Ok, enough blah blah spirituality, yada yada enlightenment, let’s talk about retrocomputing for a post or two. Let’s call this hobby “Legacy System: the home game”. Today I stumbled upon a copy of RUN Magazine from Oct 1986 that I’d bought as a 9-year-old kid, shortly after I got my Commodore Plus/4 as a Christmas gift. I’ve been thinking lately about my childhood, and how I really caught the programming bug very early, to have asked for my own computer as a 7-year-old. I remember quite vividly (for such an old memory) sitting in the back yard, reading books from the library about computers and looking at very short BASIC programs and thinking about how amazingly cool programs were.
One train of thought that I had was related to how different the world was back then, with all these software companies of every possible size buying ad space in the magazine, and having to either sell through mail order or get their games distributed in stores like Toys “R” Us or Kmart. One reason Commodore had a great deal of difficulty selling the Amiga as a serious computer, particularly in the US (and Canada?) is that they didn’t have a big network of computer stores that could provide after-sale support and service, because they’d sold their 8-bit computers in toy stores and discount retailers.
Here’s a blog post on Why Amiga Failed with more details, including the near-total lack of Amiga product marketing in the USA. But despite all of my angst about the Amiga not succeeding globally the way the community had hoped it would, Commodore still did better internationally than poor Acorn Computers Ltd., who had the inverse problem: they sold extremely well in their home country of Great Britain, but failed completely in the United States.
Since the Amiga also sold much better in GB than in USA, British computer geeks had three viable alternatives to the Windows PC and Macintosh duopoly: the Amiga, Atari ST, and Acorn Archimedes. Since I don’t have any nostalgic memories of the Archimedes and its RISC OS, I got to experience it for the first time just recently, on my Raspberry Pi 3 (the Pi 400 is serving the page you’re reading). It only uses one of the CPU cores, and only in 32-bit mode, but it’s still very fast, even on an older Pi 1 or 2.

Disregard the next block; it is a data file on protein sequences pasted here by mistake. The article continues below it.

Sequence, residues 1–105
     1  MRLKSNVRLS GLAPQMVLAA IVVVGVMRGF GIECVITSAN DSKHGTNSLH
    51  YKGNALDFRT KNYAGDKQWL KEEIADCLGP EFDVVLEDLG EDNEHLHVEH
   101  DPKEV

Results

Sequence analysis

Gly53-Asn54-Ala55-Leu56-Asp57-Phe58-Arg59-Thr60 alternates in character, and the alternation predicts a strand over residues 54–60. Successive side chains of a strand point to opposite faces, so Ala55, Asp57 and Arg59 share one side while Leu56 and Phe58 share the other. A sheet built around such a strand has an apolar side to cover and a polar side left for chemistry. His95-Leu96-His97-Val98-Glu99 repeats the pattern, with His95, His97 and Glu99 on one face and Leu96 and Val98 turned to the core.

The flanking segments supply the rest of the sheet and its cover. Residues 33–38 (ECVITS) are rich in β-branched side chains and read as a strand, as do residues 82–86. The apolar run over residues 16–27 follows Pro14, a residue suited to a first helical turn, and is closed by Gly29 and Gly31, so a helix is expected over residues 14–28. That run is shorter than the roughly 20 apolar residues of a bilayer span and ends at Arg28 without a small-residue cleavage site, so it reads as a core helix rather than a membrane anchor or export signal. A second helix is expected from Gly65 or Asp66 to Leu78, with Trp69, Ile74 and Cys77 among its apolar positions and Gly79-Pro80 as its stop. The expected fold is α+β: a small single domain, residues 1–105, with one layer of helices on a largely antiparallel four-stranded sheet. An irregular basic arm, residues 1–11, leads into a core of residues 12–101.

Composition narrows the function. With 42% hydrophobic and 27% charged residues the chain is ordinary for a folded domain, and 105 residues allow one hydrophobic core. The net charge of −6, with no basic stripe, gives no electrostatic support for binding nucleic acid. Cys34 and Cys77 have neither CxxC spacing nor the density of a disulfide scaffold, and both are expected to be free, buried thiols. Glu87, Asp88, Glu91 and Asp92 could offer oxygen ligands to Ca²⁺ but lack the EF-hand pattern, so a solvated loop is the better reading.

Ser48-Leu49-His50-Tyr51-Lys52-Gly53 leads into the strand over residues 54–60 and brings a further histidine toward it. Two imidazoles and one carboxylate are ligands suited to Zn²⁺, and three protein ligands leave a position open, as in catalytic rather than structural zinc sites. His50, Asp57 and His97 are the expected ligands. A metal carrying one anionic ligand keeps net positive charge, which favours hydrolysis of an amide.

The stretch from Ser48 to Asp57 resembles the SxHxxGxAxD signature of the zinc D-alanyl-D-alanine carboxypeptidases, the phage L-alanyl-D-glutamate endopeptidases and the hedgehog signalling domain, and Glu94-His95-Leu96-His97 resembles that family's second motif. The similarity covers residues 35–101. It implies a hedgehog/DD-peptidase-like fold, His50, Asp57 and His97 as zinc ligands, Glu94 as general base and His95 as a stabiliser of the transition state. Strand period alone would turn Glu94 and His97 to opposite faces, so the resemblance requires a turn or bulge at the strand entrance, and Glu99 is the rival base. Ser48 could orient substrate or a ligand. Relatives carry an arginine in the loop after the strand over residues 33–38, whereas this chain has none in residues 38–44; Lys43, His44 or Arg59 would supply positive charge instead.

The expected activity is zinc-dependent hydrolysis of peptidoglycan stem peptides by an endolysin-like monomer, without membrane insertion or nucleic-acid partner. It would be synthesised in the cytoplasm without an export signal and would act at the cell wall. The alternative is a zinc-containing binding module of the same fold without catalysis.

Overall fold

I highly recommend watching a how-to video such as the one below, by Dan Wood, if you want to have the most fun and productive RISC OS experience.
One of the Next Level Soul podcast episodes I watched discussed, among other topics, free will and the positive and negative polarity of creation vs. control. That really resonated with me because that was exactly the issue I was wrestling with when I was working as a contractor for Meta on their VR tech.
About six months ago, I completely lost interest in what they were trying to do, because I started to realize that real Reality was more fundamental than VR experiences, and that people’s perceptions of the world are being obscured by this cloak of manipulative advertising and unhealthy behavioral modification. Social media is an ego trap, and I felt deeply that Big Tech is trying to control and limit our free wills even more forcefully than TV (which was bad enough).
I always felt blessed as a kid in the sense of knowing that I wanted to be a software engineer from a very young age and was able to accomplish that goal. But now that I have a few years of experience under my belt, I’ve realized that I can only be engaged with a product or company if I feel that they’re helping people to express their own inner creativity, as opposed to trying to control us. More fundamentally, I want to work on healing technologies (including medical devices and diagnostics), but I refuse to work on weapons of any kind.
While I’m looking for my next job, I need to get some income to pay the bills, so I’m going to try adding SMB 2 support to the RISC OS file sharing client, since there’s a rather substantial code bounty to whoever writes that code. I’ll contact the people running the bounty program as soon as I’ve made sufficient progress that I know that I’ll be able to complete it within the time I’ve allotted.